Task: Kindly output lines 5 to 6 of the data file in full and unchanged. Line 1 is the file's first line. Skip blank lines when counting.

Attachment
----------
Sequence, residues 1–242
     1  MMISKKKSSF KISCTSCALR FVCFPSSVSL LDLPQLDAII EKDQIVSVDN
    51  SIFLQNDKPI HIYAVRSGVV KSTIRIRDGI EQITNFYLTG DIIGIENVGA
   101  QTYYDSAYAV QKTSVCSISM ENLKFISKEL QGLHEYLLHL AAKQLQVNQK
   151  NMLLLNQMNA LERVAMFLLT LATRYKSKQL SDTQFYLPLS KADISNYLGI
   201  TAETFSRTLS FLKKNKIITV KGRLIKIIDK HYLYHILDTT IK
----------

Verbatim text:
   151  NMLLLNQMNA LERVAMFLLT LATRYKSKQL SDTQFYLPLS KADISNYLGI
   201  TAETFSRTLS FLKKNKIITV KGRLIKIIDK HYLYHILDTT IK